Tuesday, August 4, 2015

Loose Change

During their initial year of recovery or following a significant relapse in their sobriety, alcoholics are discouraged from making any major life changes for the first year.

Major changes can include anything from a new home or new job, starting a new relationship or ending an old one, getting married or divorced, or committing to any sort of new life decision or altering your life's course in any additional way. 

The same could be recommended for all manner of survivors when initially faced with trauma, crisis, or illness.

Most people, whether a survivor or not, don’t like to be told what to do. In fact, we can all be stubborn when we feel someone is trying to tell us what to do or how to feel. Sometimes when we are trying to regain our footing, the more we are told what not to do, the more we want to do them. We rationalize and override that in our case there is no point for these suggestions and that they are not relevant to us. Advice can get casually brushed aside and recommendations go unheeded, because we know best.

However, this is not an attempt at controlling us or having us relinquish our own control. It isn't about limiting our lives or hindering our potential to heal and find happiness. It's not about less control, but about having the time to understand the underlying nuances and true needs of our situations more completely.

For alcoholics, sober is a totally new view, with emotional spikes they were previously too numb to fully experience. For survivors, sobering realities are an altering view within an emotional roller-coaster we have never experienced before. Both can suddenly feel great clarity and less blind. The view can be exhilarating or induce spiritual vertigo. It carries with it both the positive and the negative, whose edges sometimes blur making it difficult to distinguish the differences.

The idea of not entering into or exiting out of our important relationships is recommended, because during these fragile times we are already dealing with volatile, unpredictable or overwhelming emotions. We are seeing the world with new eyes, trying to figure out where we now stand in our lives, experimenting with new sources to inspire our future, and grappling to find inner stability. We are in the process of learning how to live with this new version of ourselves. 

During this, we are experiencing our feelings with a new depth of intensity we may have never experienced before and it's often too easy to believe that intensity is due to others. We need time to evaluate and explore these feelings honestly until we can find our own footing enough to truly know the path we want to walk with someone else.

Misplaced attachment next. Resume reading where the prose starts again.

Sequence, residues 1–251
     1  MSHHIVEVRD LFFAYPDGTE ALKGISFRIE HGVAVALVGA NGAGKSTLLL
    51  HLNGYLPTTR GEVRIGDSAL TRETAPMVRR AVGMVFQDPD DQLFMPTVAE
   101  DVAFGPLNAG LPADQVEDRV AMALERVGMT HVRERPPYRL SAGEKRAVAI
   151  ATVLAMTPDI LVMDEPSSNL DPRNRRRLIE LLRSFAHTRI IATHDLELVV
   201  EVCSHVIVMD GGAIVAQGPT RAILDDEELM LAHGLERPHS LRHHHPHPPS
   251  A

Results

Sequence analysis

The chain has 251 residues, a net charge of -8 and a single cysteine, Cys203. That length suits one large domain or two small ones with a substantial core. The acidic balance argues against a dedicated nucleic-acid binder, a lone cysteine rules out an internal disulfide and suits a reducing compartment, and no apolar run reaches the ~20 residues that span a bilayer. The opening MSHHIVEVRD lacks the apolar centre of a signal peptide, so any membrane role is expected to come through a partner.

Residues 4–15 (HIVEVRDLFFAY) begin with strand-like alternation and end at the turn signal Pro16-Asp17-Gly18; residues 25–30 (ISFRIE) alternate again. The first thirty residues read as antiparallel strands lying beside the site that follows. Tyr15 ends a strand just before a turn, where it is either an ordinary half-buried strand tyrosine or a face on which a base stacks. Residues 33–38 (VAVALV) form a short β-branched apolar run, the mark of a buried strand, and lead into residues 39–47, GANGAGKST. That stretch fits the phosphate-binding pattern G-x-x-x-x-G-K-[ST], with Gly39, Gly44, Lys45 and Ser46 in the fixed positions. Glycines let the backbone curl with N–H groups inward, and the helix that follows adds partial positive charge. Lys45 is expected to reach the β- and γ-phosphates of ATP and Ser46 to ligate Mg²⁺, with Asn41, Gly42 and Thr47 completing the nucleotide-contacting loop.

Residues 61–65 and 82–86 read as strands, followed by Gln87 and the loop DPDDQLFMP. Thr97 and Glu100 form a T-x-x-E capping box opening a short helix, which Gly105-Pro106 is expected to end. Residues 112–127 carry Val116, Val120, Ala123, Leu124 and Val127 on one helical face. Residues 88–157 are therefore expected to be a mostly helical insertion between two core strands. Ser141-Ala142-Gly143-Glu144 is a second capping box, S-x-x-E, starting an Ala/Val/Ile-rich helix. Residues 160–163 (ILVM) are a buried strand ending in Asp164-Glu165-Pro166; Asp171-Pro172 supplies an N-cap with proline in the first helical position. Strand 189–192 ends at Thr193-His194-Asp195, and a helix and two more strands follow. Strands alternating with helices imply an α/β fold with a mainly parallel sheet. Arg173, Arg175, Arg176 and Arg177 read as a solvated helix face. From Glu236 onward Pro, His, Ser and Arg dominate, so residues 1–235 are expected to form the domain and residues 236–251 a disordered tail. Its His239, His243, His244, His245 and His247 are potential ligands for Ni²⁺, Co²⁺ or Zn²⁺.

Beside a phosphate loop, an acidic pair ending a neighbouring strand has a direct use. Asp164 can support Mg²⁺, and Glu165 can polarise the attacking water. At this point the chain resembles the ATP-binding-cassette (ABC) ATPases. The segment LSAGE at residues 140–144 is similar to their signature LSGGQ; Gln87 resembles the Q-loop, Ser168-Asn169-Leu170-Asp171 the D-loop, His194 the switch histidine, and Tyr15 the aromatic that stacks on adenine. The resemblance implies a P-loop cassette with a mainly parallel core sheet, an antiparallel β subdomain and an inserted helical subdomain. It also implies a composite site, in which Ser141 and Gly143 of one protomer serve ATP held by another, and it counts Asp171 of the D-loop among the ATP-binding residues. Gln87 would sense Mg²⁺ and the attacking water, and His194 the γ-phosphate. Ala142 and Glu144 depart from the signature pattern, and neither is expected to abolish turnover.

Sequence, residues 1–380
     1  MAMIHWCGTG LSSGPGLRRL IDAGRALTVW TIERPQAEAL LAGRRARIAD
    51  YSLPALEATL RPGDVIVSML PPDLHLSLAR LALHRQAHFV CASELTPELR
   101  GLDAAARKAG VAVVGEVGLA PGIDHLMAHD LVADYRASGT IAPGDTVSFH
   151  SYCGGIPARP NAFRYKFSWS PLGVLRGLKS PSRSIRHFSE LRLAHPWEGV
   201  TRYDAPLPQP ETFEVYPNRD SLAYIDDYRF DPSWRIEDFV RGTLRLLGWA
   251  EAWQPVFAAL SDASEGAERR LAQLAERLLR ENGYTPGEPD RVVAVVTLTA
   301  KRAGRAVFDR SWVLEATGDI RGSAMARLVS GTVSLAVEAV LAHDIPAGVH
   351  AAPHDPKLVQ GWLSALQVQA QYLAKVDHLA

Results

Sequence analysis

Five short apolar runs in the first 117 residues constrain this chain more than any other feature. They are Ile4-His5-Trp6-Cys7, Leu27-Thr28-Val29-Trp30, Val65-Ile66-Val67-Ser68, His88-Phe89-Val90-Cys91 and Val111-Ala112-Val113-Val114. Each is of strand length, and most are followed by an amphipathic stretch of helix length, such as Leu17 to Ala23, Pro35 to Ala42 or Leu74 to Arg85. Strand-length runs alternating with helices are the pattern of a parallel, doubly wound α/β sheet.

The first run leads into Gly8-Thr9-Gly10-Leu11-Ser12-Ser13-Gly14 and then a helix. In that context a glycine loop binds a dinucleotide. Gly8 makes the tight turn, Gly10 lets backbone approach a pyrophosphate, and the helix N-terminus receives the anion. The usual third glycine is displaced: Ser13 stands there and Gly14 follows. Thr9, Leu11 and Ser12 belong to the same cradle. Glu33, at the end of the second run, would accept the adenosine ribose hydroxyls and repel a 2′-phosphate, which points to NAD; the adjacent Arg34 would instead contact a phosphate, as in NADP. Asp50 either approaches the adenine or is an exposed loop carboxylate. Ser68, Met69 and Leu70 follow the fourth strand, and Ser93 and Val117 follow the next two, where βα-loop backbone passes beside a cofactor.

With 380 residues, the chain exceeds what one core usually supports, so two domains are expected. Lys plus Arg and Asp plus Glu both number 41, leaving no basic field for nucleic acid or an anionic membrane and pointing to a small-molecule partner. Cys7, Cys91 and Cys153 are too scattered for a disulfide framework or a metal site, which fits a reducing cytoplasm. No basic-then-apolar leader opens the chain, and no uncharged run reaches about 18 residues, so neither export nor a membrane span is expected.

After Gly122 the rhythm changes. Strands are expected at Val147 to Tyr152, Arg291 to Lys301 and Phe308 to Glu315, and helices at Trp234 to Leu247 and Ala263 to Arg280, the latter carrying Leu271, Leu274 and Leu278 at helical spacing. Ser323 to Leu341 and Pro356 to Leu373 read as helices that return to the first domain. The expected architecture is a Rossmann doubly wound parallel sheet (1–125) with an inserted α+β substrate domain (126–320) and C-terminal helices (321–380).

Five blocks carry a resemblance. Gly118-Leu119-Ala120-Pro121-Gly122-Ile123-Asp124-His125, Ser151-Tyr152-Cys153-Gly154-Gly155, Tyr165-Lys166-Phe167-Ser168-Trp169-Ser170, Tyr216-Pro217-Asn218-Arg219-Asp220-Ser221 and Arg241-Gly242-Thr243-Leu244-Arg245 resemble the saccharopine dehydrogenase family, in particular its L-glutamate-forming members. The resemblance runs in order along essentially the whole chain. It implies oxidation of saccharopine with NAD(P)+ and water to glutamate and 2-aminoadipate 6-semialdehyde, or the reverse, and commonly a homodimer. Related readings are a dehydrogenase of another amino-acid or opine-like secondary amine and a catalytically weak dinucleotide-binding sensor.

Clinging too quickly to these "in the moment" intensities can become complicated, as we grow and come to terms with our own changes. We risk wrapping our recoveries in someone else, tangling our healing, instead of anchoring them first within ourselves. 

If it unravels, this can be disastrous later, because we have put so much of who we have become into it too soon. We need to recover and know ourselves better, before we can truly share ourselves with someone else in any long-lasting meaningful way.

As we are changing inside, it is natural to want to make major external changes outside as well. The idea of making a move from the familiar to the unexplored can feel exciting and empowering, especially if we have been weighted down with hardships and darkness. It is easier to recreate who we are on a blank canvas where we have not yet made mistakes and our mistakes are unknown to others than it is to pick up the pieces and rebuild.

While it is important to be open to change, especially when it is coming at us with such force, we need to maintain and trust our sources of stability before embracing additional emotional outlets. We need to not act rashly or overreact emotionally.

Transformation is very hard, but fulfilling work. Rebuilding ourselves is a task, but it's important to attempt the reconstruction with the bricks at hand before throwing them out and replacing them with new ones. 

There will indeed be changes ahead as we get to know these new versions of ourselves. But, we need to be take the time to find out who we are before making major changes which help define us. It will help us make the right choices for the right sort of changes in the long run.

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